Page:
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Qualcomm calls out Apple, says it should be "embarassed" of some of its actions

Qualcomm is not pulling its punches over the FRAND argument that Apple is currently engaged in with Samsung and Motorola. When it comes to standard-essential patents Qualcomm stated that “Apple should be embarrassed” and that its anti-injunction argument is “a total sham”.
December 12, 2012

The patent wars have been raging on for years now and it feels even longer. Apple has sued a variety of companies and in the Android sphere a major defensive strategy, for Samsung and Motorola in particular, has been to fight back with SEPs or standard-essential patents. These patents are, as the name suggests, essential standards, and as such they have to be licensed. This is where FRAND comes in, SEPs are supposed to be licensed under fair, reasonable, and non-discriminatory terms.

Samsung and Motorola claim to have offered fair terms to Apple over the use of several SEPs, unsurprisingly Apple claims the terms were unfair. Apple is now arguing that the failure to negotiate down is FRAND abuse and has successfully blocked injunction attempts based on SEPs in the U.S. at least. It seems Qualcomm is far from impressed with Apple’s strategy as you can see from the answers given to questions posed by the investigating ITC Commission, reported on FOSS Patents,

“Of course, Apple’s premise of ‘a willing licensee with a good-faith disagreement who wants nothing other than for a disinterested party to determine what terms are FRAND’ is itself a sham and a pretext. At the recent proceedings before Judge Crabb in the Western District of Wisconsin, Apple’s ‘willing licensee’ mask fell off, when it absolutely refused–even at the cost of having its case dismissed–to commit to take a license to Motorola’s SEP portfolio on whatever terms the court might determine to be FRAND. Having literally walked away, minutes before trial, from an opportunity for an adjudication as to whether Motorola had offered FRAND terms to Apple, Apple should be embarrassed–but apparently is not–to demand that the Commission divest itself of jurisdiction unless and until a ‘U.S. Court has determined [the relevant license terms] to be FRAND’.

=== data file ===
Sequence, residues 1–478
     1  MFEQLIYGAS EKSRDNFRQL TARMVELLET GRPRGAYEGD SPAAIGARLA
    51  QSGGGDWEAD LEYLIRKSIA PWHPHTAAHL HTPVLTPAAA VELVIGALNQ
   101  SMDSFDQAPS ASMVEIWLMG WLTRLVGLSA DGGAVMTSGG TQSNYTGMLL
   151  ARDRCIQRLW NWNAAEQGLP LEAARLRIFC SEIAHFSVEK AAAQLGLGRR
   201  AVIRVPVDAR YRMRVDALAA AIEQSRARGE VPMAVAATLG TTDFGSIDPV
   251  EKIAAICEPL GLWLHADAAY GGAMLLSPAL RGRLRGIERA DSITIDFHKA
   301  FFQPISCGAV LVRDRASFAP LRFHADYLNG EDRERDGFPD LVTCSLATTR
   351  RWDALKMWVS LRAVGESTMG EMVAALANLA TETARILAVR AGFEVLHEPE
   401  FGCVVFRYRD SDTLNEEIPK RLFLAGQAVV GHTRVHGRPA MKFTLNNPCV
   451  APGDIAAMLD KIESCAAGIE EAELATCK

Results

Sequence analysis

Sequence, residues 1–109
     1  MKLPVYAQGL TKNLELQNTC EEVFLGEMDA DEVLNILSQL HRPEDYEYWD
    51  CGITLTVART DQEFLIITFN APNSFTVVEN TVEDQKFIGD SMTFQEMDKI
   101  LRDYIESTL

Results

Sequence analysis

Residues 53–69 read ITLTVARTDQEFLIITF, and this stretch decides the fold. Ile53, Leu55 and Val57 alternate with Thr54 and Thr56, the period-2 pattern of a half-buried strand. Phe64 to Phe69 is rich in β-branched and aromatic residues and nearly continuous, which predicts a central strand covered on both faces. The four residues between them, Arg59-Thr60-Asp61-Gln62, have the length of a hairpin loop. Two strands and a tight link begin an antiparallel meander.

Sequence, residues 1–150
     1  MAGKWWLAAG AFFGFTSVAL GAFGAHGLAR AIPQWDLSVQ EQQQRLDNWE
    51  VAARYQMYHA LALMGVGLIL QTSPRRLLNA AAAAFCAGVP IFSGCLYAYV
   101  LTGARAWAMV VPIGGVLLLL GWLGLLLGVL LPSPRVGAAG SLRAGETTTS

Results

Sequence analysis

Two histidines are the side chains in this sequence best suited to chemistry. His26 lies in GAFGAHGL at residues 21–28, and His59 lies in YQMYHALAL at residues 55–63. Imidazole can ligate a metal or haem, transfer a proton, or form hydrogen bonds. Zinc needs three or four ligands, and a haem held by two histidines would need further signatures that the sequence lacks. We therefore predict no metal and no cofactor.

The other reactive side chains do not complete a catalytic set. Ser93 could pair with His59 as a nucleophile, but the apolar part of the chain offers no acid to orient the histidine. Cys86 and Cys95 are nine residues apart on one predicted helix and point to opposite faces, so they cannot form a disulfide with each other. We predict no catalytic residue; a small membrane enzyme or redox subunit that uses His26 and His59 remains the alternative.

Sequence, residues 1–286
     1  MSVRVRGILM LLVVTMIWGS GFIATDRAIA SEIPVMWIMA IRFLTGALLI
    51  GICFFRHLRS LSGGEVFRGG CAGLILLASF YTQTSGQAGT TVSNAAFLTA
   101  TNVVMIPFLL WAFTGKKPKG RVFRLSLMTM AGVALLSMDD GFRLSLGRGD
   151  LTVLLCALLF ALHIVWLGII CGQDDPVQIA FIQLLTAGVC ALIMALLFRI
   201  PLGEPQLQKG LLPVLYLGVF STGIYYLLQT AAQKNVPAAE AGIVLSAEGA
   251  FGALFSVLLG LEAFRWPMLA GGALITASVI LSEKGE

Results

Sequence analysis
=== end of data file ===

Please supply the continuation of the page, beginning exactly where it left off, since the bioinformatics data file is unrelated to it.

If Apple is not a willing licensee, and in any event there is no risk of an exclusion order (or injunction) shutting down a truly willing licensee, what is the real agenda? It is to shelter the unwilling licensee–the infringer that, like Apple, has no interest at all in paying market-validated royalty rates. It is to ensure that SEP infringers can only be called to account under rules, and in fora, in which they may gain yardage, but can never lose.”

It’s a pretty damning indictment of Apple’s strategy and somewhat surprising considering that Qualcomm is still a major Apple supplier. Florian Mueller suggests, quite convincingly, on FOSS Patents that what is really behind this vitriol is Qualcomm’s own desires to monetize its large SEP portfolio. We’ll keep you posted on what the ITC decides.